Survival of The Kindest
In Good Natured (1996) Frans de Waal provides an account of an old male bonobo leading a blind female around by the hand, and another of an ape who helped an injured bird by climbing a tree, spreading the bird's wings, and sending it off into the air. The primate somehow knew the kind of help the bird needed. Throughout the world of primates, observers have noted how apes reveal a capacity to assist others insightfully.
De Waal studied the field work of researchers, and the "veneer theory" of people such as Jane Goodall, who held that apes and humans share an innate tendency toward agression and violence. In human society this tendency is veiled by the veneer of civilization. Instead, he finds, and argues for, a wide range of ape behavior, from agression to tenderness and explores what this might mean in human society.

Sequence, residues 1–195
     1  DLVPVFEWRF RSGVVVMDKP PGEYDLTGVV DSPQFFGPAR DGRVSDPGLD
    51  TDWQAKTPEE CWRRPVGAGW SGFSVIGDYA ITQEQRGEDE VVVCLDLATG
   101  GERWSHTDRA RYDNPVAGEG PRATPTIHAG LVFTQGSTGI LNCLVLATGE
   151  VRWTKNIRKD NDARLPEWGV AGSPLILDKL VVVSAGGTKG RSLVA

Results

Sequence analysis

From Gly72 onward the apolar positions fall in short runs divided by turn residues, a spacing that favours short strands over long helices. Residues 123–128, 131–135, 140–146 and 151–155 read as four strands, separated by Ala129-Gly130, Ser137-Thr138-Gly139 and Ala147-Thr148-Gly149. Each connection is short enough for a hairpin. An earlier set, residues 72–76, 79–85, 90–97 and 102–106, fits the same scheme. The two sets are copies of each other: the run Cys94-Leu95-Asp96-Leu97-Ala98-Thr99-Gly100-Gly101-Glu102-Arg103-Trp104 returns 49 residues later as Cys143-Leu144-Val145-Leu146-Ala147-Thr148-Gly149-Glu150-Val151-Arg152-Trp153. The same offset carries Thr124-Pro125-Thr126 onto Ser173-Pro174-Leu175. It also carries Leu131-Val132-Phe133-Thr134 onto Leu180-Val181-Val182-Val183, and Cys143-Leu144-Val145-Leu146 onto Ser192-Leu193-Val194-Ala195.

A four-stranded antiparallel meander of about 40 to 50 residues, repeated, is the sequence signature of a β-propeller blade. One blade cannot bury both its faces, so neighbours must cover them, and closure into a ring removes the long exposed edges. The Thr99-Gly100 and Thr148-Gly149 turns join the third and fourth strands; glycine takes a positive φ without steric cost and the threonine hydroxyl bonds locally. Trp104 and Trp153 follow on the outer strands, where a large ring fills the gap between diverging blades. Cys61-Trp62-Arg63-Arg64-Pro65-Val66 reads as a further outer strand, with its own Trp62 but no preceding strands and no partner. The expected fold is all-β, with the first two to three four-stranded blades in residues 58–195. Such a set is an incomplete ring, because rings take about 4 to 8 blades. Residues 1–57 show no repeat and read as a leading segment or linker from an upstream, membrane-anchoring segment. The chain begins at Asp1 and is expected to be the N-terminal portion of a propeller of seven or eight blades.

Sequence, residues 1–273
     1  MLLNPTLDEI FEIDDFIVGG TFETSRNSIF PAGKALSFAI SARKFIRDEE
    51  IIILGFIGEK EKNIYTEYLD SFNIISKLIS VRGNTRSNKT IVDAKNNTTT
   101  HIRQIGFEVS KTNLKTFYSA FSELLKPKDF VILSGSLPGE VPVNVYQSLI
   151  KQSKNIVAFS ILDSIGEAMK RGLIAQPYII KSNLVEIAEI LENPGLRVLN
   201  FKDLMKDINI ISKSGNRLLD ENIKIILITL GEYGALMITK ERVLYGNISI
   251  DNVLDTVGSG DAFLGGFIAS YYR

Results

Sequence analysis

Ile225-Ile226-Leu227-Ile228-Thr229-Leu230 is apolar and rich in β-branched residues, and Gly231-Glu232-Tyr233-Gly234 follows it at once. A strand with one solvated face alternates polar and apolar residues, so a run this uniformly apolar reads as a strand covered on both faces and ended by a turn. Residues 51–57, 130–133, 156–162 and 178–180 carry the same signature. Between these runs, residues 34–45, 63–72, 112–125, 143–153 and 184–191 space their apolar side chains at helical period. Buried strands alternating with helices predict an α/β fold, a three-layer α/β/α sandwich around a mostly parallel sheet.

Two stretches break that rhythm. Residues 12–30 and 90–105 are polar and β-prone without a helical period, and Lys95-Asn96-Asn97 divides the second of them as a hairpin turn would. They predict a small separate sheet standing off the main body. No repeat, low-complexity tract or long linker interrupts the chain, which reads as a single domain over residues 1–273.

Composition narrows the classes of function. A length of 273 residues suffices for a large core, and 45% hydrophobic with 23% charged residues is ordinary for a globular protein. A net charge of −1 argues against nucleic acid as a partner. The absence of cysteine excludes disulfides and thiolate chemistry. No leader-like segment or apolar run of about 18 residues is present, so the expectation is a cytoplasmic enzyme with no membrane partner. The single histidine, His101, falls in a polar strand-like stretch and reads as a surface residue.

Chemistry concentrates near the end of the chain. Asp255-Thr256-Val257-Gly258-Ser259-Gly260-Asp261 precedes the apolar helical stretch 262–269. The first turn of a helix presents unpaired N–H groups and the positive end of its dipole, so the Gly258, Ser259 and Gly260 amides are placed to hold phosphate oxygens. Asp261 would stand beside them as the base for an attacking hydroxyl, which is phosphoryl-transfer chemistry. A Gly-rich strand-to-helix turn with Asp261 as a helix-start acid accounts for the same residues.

"When a bird flew into the glass enclosure of a bonobo named Kuni, de Waal recounts, she picked it up and tried to help it fly away again. Rather than comforting the starling like a fellow ape, Kuni carried it to the top of a tree, carefully spread its wings, and launched it gently into the air, showing that she recognized its needs as distinct from her own--a remarkable act of empathy. Humans show the same inclination when they help strangers without regard to their own reward, such as stopping to assist accident victims or giving away money to people they have never met."
“I think our motivations often transcend the reason why a behavior evolved,” de Waal says. “Acts of helping may have originally evolved in context for their survival value, but are now applied to situations outside that.”
Notice the words "transcend" and "evolved" above. He refers to transcending evolution. Here, de Waal implies a position against the reductionist explanations of evolutionary psychology, which see behavior as a means to perpetuate individual genes. A catch-phrase of reductionism can be found in Richard Dawkins' concept of "the selfish gene."
In Our Inner Ape, de Waal has a section, “Girl Power,” in which he "describes how females run the show in bonobo communities, controlling the food supply and wielding considerable authority over relationships and mating. Even the male bonobo hierarchy, de Waal says, is actually determined by the influence of the mothers." More